There is a need to accelerate development of new diagnostics, vaccines and drugs, use digital technology, Artificial Intelligence, and other innovations to advance TB response, Minister of State for Health Dr Bharti Pawar said on Tuesday.

Addressing the inaugural session of WHO South-East Asia Region high-level meeting for Renewed TB Response, she said that the area bears the highest burden of TB among all six regions.

“It has been a major source of fatalities for centuries and has now exceeded HIV/AIDS and malaria as the world’s largest cause of death from an infectious disease. Most of these deaths occur among young adults in the economically productive age group of 15-45 years, resulting in high economic and social consequences. The economic burden of TB alone is huge in terms of lives, money and workdays lost,” she said.

Highlighting the impact of Covid-19 on TB, Pawar said: “The world has witnessed the emergence of Covid-19 pandemic in 2020, which has devastated human lives, economies, and health systems. In just a few months, the pandemic has reversed years of progress made in the fight against tuberculosis.”

She also said that the pandemic has also led to a huge set of learnings that would help in TB elimination efforts.

The minister highlighted the encouraging political committment that has translated into increased domestic resource allocation for TB programmes, most notably in India and Indonesia, with 43 per cent of the budget in 2020 coming from domestic sources.

TB case notifications have declined by 20-40 per cent and outreach activities specifically related to increased case finding, preventive treatment and psycho-social support have been disrupted, she noted.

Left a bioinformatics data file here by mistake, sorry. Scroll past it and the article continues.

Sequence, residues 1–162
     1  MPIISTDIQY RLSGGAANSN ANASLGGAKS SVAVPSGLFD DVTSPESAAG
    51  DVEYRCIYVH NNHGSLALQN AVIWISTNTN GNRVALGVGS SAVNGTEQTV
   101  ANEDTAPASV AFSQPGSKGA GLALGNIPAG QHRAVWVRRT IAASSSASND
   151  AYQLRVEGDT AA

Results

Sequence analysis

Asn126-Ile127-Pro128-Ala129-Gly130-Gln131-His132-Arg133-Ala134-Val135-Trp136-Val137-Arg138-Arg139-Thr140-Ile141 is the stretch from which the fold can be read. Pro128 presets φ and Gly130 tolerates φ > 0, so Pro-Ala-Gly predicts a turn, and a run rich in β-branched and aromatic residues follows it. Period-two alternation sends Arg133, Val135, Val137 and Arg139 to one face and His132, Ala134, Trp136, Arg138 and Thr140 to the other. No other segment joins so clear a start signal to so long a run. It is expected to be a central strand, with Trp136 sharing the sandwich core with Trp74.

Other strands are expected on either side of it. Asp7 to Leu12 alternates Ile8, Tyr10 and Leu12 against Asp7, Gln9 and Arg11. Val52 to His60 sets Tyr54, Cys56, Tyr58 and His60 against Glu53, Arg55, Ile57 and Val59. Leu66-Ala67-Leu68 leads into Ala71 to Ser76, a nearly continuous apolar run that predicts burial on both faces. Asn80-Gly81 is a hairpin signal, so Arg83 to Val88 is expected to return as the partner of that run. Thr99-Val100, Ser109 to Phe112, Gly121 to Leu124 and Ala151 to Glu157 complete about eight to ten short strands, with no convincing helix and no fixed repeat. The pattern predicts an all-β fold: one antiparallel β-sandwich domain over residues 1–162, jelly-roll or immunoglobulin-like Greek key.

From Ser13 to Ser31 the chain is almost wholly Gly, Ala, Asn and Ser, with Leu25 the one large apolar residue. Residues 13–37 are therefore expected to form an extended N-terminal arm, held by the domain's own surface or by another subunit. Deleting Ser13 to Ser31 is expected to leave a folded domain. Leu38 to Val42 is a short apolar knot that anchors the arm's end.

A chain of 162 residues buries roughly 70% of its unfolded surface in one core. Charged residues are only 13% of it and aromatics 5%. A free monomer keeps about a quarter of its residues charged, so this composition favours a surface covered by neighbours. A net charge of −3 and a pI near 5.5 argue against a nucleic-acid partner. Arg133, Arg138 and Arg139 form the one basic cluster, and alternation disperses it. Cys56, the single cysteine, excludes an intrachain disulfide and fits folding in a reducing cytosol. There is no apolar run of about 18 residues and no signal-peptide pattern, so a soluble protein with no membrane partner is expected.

The “Call for Action” in March 2017 has led to the implementation of revamped TB strategies within South-East Asia Region member states towards ending TB. This was reiterated at the Delhi End-TB Summit of March 2018, in the run-up to the UN high-level meeting (UNHLM) in September 2018, she added.

The Minister also raised concern over the fact that despite significant progress, the region as a whole, has missed the 2020 milestones of the End TB strategy and may also miss the 2022 coverage targets, unless immediate remedial action is taken.

“With the next UN high-level meeting slated for 2023, there is an urgent need to review the progress and restructure our response accordingly. The region needs to scale up preventive, diagnostic and treatment services, and substantially strengthen social protection measures including addressing undernutrition among TB vulnerable populations. We must adopt newer approaches with bold, ambitious, and strengthened commitments supported by appropriate resources, she added.

WHO Director General Dr Tedros Adhanom Ghebreyesus was also present in the meeting.

–IANS

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